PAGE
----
Further controversy surrounds the rewards and the sanctions for teachers and schools as a result of standardized high-stakes test scores.  Eisner (2001/2013) points to the extrinsic motivation such an emphasis on high-stakes testing promotes.  Even in the best case scenario, students become “reward junkies.”  The culture is one of learning for the test and not learning for learning sake.  As an educator, my hope for students is for them to have an intrinsic motivation not extrinsic motivation for learning, so that they will be life-long learners.  In addition to rewards, sanctions affect students and teachers also.  Sanctions can induce stress for teachers (Ravitch, 2010) and students.  As stated earlier, poverty is a predictor of academic achievement. Those who need the resources are punished by not getting resources while those who do not need resources are rewarded with more resources.  This creates a Matthew Effect, where the rich get richer and the poor get poorer.  

The CCSS have more pros and cons than discussed here.  To read more about this issue, please read a great blog on Ed Week http://blogs.edweek.org/teachers/living-in-dialogue/2013/11/common_core_standards_ten_colo.html?intc=mvs and the response from educators http://blogs.edweek.org/teachers/living-in-dialogue/2013/11/two_responses_to_ten_colossal_.html.  I invite you to comment so that we can continue the conversation.

 

References

Au, W. (2007/2013). High-stakes testing and curriculum control: A qualitative metasynthesis. In D. J. Flinders & S, J. Thornton (Eds.), The curriculum studies reader, (pp.235-251).

 

Eisner, E. W. (2001/2013). What does it mean to say a school is doing well? In D. J. Flinders & S, J. Thornton (Eds.), The curriculum studies reader, (pp.279-287).

 

Harris, D. N., & Herrington, C. D. (2006).  Accountability, standards, and the growing achievement gap: Lessons from the past half-century.  American Journal of Education, 112(2),  209-238. 

 

Heyneman, S. P. (1987).  Uses of examinations in developing countries: Selection,research and education sector management.  International Journal of Education Development, 7(4), 251-263. Retrieved from http://www.vanderbilt.edu/peabody/heyneman/PUBLICATIONS/198702.pdf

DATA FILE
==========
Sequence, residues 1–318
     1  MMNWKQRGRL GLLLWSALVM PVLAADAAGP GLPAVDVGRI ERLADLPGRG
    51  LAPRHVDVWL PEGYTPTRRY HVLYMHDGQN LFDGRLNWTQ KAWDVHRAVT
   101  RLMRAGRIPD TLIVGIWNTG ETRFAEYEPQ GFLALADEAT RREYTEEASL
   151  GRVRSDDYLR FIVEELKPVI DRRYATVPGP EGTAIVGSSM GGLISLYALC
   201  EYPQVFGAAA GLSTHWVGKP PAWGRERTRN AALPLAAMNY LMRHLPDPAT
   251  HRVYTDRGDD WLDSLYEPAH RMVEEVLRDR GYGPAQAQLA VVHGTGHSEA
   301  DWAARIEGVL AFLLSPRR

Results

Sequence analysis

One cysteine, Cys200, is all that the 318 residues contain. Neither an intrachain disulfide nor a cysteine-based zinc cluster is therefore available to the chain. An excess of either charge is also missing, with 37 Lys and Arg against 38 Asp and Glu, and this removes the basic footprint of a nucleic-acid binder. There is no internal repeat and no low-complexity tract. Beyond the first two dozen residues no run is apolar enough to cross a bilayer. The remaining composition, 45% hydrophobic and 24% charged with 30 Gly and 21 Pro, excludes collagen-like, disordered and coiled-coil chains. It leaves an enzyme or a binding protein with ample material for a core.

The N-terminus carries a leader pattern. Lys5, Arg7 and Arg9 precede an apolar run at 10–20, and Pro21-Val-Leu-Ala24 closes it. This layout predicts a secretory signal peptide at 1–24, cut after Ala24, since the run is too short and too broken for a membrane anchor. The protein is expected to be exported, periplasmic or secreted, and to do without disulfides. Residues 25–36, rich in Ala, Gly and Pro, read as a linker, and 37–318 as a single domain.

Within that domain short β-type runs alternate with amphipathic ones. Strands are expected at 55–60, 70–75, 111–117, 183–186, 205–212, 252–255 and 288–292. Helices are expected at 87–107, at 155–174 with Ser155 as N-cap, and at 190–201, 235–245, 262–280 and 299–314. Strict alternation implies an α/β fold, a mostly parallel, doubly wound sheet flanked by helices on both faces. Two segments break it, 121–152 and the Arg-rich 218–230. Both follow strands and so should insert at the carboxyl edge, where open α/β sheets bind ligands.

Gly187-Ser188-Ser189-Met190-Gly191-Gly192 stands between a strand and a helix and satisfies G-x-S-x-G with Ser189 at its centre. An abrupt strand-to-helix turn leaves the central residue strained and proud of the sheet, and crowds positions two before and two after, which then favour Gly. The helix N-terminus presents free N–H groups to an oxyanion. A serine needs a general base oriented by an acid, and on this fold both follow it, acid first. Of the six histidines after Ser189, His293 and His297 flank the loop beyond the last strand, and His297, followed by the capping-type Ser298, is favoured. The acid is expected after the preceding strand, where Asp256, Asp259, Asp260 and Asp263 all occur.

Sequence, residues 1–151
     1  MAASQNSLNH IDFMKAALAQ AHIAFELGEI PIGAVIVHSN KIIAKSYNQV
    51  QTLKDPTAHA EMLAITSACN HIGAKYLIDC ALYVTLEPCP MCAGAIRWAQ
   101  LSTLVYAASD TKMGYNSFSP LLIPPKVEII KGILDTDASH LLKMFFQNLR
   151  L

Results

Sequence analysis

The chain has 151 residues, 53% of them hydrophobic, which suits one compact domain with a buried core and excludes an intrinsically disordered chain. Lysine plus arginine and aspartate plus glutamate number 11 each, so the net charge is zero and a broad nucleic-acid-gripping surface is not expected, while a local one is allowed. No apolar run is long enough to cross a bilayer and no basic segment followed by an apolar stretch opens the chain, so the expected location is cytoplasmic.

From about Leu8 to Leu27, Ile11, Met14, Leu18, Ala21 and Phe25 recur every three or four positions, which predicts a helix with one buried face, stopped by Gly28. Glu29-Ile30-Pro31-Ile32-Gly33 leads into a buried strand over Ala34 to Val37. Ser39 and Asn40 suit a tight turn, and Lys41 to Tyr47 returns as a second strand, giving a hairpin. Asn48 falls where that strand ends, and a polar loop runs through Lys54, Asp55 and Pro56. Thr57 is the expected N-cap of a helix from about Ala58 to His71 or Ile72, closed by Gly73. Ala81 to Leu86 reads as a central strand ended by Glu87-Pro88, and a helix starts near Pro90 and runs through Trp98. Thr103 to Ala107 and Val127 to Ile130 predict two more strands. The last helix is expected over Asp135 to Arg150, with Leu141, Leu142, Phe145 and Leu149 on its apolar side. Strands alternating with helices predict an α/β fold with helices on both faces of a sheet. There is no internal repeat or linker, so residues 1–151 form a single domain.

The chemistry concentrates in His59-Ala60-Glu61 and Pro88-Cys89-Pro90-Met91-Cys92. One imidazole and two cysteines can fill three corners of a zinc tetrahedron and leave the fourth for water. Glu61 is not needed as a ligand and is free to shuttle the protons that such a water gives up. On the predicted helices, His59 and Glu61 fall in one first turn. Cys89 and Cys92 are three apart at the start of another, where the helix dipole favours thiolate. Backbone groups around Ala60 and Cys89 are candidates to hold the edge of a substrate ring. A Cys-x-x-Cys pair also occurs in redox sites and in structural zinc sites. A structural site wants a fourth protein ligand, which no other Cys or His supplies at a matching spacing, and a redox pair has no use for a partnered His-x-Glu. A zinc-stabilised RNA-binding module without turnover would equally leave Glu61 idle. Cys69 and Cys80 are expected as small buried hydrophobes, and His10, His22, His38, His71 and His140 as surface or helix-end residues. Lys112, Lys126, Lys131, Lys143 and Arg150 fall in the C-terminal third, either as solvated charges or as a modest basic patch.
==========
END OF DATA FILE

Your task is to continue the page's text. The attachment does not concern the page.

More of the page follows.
Heyneman, S. P. (2004).  Education and Corruption.  International Journal of Educational Development, 24(6), 637-648. Retrieved from http://www.vanderbilt.edu/peabody/heyneman/PUBLICATIONS/Education%20%26%20Corruption.pdf.

 

Lexington.  (2005).  In praise of aptitude test.  The Economist.  Retrieved from www.economist.com/node/3739498‎.

 

Ravitch, D. (2010, Oct. 6). Retrieved from http://voices.washingtonpost.com/answer-sheet/diane-ravitch/ravitch-why-teachers-should-ne.html.  

 

Rohlen, Thomas P.  (1997).  Differences that make a difference.  In Cummings, W.K. & Altbach P. G. (Eds.), The challenge of eastern Asian education (pp. 223-248). Albany, NY: SUNY. 

 

Siskin, L. (2003/2013). Outside the core: Accountability in tested and untested subjects. In D. J. Flinders & S, J. Thornton (Eds.), The curriculum studies reader, (pp. 269-278).

 

Sleeter, C. & Stillman, J. (2005/2013). Standardizing knowledge in a multicultural society. In D. J. Flinders & S, J. Thornton (Eds.), The curriculum studies reader, (pp. 252-268).


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High-stakes testing: Necessary evil or just evil?

High-stakes testing– like all controversial issues– has proponents and haters, pros and cons.  Check-out this Padlet Wall of opinions I gathered on the issue and decide where you stand.  (If you cannot see the wall below, follow this link http://padlet.com/wall/oqdkf224km.)  Comment your opinions and experiences with high-stakes testing!


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English Language Learners

Supporting English Language Learners in the classroom is important in all schools where the language of instruction is English, but students first language is a different language.  The Sheltered Instruction method provides common sense ways to scaffold instruction for ELLs.

  • Preteach to activate prior knowledge and provide adequate background knowledge that will be needed for the lesson. Connect to the students’ experiences.  Acknowledge the rich cultural knowledge each students brings to the class.
  • Cooperative groups allow students to practice speaking and listening, to use each person’s strength to help the group, and the social interaction is motivating.
  • Speaking slowly and clearly is important.  Before I traveled to Mexico I practiced saying, “No comprendí. Por favor, hablá más despacio.”  I knew that I would need native speakers to speak more slowly for me.
  • Avoiding idioms or figures of speech that don’t literally translate helps avoid confusion.  Common idioms are “give yourself a pat on the back,” “shoot for the stars,” and “all your ducks in a row.”
  • Use visuals like hand motions and pictures to support understanding.
  • Adapted texts can help also.  Instructors can cut and paste to make an abridged version or highlight what the ELLs should concentrate on comprehending.  Using multiple texts and considerate texts is advisable.

McLaughlin, M. (2010). Content area reading: Teaching and learning in an age of multiple literacies. Boston: Pearson.


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Don’t throw the baby out with the bath water, Common Core State Standards